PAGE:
Reclamation Area, Asia World City and Coastal Road
Date: May 25, 2003
Time: 9:00 am to 10:00 am
Weather: Overcast skies, scattered drizzles
Mike Lu, Jon Villasper and Ned Liuag
the Manila Film Palace, we decided there was still time to
reconnoiter the site behind the Coastal Mall in Tambo, Parañaque.
(Ref CitiAtlas Map 90)
threatened to rain when we arrived at the edge of the grassland
surrounding the unfinished Coastal Mall extension building
on Macapagal Boulevard. As we walked to the channel called
Lagoon B, we encountered saw a TAWNY GRASSBIRD, a solitary
ZEBRA DOVE, a small flock of CHESTNUT MUNIAS in the grass
and two PACIFIC SWALLOWS on the wing.
tide was rushing up the channel at a fast rate and though
we were hoping for some over-wintering birds, perhaps a tern
or two, the migrants had long returned to their northern breeding
sun had emerged from behind the screen of clouds and several
youths and men were on the trail to the bay carrying fishing
rods and picnic lunches. Taking the right-hand fork in the
trail we followed the narrow path along the bank of Lagoon
B. Our attention was drawn to the piping call of what might
have been a plover in the ASEANA Business Park grassland across
the channel. Scanning the opposite bank of the channel, we
were unable to get a good view of the source of the call but
were rewarded with the sight of two raptors patrolling low
over the grassland some 150 meters from our position.
pair had slender bodies and long pointed wings which they
flapped in between glides. Using a pair of 8 x 40 binoculars
with uncoated lenses, the upper parts seemed dark grey to
me. Mike, who was using a 7 x 35, and Jon a 10 x 40 -- both
with coated lenses -- said the upper parts were brown. The
flight pattern was not like the direct, powerful, piston-like
manner of a Peregrine Falcon nor the buoyant and hovering
wing beats of a Eurasian Kestrel, which has been seen hunting
in the South Reclamation Area. The wings were sharply angled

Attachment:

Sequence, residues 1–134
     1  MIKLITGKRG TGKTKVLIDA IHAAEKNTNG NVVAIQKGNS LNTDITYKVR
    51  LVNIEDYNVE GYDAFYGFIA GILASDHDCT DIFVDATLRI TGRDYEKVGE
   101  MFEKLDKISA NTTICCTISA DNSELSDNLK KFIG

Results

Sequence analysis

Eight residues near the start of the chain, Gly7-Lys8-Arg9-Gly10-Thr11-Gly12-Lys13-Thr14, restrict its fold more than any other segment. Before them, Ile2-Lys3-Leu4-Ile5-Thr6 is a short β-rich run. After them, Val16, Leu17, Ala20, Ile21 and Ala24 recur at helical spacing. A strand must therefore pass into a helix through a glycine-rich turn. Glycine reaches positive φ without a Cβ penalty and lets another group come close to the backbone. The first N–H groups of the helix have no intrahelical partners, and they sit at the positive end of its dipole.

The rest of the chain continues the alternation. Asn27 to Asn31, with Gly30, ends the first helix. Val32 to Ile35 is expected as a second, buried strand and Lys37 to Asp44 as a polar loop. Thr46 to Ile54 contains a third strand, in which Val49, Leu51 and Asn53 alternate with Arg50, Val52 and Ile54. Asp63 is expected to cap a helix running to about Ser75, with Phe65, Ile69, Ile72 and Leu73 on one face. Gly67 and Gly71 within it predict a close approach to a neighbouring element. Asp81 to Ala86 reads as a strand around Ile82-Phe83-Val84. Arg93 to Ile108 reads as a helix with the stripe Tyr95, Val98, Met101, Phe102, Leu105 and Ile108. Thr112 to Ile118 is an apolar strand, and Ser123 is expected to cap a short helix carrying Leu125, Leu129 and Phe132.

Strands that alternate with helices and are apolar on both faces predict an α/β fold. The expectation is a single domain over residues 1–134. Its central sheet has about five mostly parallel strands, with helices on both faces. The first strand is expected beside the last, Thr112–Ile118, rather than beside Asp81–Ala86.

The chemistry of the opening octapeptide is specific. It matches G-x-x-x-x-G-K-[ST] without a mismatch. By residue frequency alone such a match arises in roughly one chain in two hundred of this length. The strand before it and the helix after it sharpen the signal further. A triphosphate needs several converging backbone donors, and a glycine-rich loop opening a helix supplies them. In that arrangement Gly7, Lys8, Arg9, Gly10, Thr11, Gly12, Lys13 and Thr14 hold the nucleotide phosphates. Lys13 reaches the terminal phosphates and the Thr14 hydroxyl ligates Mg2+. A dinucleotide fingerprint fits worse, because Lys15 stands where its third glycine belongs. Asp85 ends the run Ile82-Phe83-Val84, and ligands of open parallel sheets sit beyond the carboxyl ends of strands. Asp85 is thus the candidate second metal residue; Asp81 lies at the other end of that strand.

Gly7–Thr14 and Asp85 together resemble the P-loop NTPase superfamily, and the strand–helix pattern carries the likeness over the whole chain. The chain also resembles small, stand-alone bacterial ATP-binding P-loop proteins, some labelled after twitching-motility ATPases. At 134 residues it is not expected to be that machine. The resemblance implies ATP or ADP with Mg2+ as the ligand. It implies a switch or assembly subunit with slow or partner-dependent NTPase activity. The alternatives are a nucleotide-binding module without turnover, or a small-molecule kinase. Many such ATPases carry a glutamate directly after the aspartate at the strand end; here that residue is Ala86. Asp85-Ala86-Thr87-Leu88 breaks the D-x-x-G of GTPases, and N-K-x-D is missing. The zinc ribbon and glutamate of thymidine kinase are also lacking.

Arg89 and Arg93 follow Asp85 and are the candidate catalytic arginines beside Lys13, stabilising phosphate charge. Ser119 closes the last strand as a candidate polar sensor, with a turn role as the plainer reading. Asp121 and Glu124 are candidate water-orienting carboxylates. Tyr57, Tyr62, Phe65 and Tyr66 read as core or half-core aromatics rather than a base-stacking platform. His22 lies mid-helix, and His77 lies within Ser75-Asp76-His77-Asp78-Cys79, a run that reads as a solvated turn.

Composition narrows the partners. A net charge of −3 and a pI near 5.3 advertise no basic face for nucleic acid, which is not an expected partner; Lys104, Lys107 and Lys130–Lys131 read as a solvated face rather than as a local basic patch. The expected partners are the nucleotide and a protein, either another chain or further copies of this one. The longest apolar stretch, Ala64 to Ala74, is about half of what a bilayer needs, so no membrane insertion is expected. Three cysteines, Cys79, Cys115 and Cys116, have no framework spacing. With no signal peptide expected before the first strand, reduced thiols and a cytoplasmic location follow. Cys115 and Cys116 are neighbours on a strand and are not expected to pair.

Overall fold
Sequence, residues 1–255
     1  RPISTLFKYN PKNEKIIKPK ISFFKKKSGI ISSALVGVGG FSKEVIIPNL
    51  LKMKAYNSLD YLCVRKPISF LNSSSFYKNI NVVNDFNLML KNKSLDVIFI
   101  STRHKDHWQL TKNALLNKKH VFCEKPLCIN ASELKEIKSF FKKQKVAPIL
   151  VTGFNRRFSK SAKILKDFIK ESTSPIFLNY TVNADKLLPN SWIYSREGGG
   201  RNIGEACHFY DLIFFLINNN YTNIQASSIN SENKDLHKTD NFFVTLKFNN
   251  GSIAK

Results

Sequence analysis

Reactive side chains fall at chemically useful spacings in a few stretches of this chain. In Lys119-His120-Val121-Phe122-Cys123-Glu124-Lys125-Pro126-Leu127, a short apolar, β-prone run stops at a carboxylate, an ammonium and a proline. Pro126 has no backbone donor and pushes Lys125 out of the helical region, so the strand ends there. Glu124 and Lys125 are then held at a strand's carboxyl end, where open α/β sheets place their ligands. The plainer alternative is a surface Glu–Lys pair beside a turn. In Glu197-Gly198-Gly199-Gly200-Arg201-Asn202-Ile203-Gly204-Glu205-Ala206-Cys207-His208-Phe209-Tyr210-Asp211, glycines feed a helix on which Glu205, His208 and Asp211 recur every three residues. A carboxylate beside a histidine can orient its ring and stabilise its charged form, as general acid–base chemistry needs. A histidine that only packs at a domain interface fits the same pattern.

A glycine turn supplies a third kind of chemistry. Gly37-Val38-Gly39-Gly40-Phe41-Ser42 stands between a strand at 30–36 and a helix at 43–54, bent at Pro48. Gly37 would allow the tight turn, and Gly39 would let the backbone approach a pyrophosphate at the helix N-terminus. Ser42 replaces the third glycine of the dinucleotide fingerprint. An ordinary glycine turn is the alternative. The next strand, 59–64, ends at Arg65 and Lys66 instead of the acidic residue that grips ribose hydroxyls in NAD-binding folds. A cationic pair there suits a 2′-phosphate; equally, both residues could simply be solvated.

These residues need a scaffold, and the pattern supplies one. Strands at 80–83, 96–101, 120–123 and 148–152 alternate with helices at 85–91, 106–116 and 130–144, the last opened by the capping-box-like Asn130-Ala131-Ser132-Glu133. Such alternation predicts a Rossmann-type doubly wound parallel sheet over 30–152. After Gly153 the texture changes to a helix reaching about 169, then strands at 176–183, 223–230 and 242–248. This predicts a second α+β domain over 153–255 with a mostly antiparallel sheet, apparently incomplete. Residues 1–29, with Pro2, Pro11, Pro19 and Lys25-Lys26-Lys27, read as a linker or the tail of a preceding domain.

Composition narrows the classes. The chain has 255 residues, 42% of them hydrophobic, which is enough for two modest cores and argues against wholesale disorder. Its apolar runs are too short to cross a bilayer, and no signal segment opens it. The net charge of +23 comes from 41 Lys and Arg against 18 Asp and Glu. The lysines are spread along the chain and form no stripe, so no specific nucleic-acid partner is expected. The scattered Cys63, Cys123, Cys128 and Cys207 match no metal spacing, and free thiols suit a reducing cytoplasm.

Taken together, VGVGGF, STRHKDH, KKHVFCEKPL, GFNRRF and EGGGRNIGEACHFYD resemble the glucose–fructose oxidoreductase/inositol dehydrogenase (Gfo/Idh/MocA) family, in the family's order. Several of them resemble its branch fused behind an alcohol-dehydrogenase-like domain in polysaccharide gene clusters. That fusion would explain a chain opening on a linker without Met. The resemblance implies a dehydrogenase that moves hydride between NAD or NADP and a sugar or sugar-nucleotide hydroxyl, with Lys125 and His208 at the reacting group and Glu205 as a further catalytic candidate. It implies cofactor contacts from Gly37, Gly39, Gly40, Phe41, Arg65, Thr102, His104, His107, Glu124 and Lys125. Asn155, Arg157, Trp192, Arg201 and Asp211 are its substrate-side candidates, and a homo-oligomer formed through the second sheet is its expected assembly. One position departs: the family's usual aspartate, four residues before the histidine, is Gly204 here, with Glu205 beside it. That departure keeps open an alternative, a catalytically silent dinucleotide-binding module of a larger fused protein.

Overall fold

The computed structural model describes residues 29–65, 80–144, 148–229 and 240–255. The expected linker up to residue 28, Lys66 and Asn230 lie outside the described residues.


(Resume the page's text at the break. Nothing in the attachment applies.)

birds had long, narrow tails, which neither flared during
the time they were in sight. I was observing the one hanging
around the western side of the grassland. The rump and tail
on this one seemed white in the direct sun, and I noticed
a dark bar when it turned. The under parts appeared white
without any visible streaks or bars. I looked at the silhouettes
for the North American Northern Harrier Circus cyaneus in
the Sibley Guide and found the general impression and shape
similar. So I thought these might have been immature birds
of either the resident Pied or the migrant Eastern Marsh Harrier.
we were watching the mystery raptors, another dark shape came
flying across the grassland towards the channel. As the distance
between the bird and us closed it turned out to be a LITTLE
HERON. We would encounter three more of this species in the
mangrove and aroma thicket located along the channel that
branches off Lagoon B. The depth of the water was such that
fording it on foot was impractical requiring a makeshift raft
to reach the opposite bank.
the edges of the thicket, we heard a GOLDEN-BELLIED GERYGONE
singing but could not get closer because of the fast rising
tide. We also spotted the first YELLOW BITTERNS of the trip
as it flew for cover. Mike remarked that he and visiting Canadian
birdwatcher Todd Pepper had come across bitterns in the same
area during their visit here in March.
at the edge of the thicket, we had the luck of spotting a
RUFOUS NIGHT HERON flying south high above the Tambo mudflats.
From our position, we could see that a large section of the
scrub in the Asia World City property had been cleared during
the dry season, robbing the herons of their roosting place.
decided to call it a day when the heat became unbearable.
Moving back down the trail a tern-like shape came flying up
from Lagoon B. The bird had olive-brown upper-parts and a
white rump. The color of the head and breast were also olive-brown
(like the dark plumage on the Common Sandpiper) and the belly
seemed white. Mike and Jon noticed a forked tail. The bird
disappeared south in the Asia World City property. The solitary
bird spotted fits the shape and plumage of an ORIENTAL PRATINCOLE.
our way back, our approach to the main trail flushed a Little
Heron and a Yellow Bittern in the channel off Lagoon B. The
team also encountered a ZITTING CISTICOLA flying in the grassland.
ended the birding day with exquisite views of a Yellow Bittern
flying serenely across Lagoon B. We watched the bittern coming
across the water before it landed in a dried bush on the bank.
We had nice close-ups of the bird, whose colors easily blended
with the dull landscape.
Grassland and Mangrove Thicket BIRDLIST:
Little Heron (4) - Flying in the vicinity of Lagoon B or flushed
near mangrove thicket
2. Rufous Night Heron (1) - Flying south above mudflats
3. Yellow Bittern (4) - In Lagoon B, others flushed near mangrove
4. Harrier spp (2) - Possibly immature Pied or Eastern Marsh
Harrier, seen coursing low over ASEANA Business Park property
5. Oriental Pratincole (1) - Seen in flight over branch of
6. Zebra Dove - 1 in the grassland
7. Pacific Swallow (2) - In grassland
8. Golden-Bellied Gerygone (1) - Heard singing in vicinity
of mangrove thicket
9. Tawny Grassbird (1) - Very vocal and conspicuous
10. Zitting Cisticola - Several in the short grass
11. Eurasian Tree Sparrow - Several
12. Chestnut Munia (3+) - edge of the grassland near Macapagal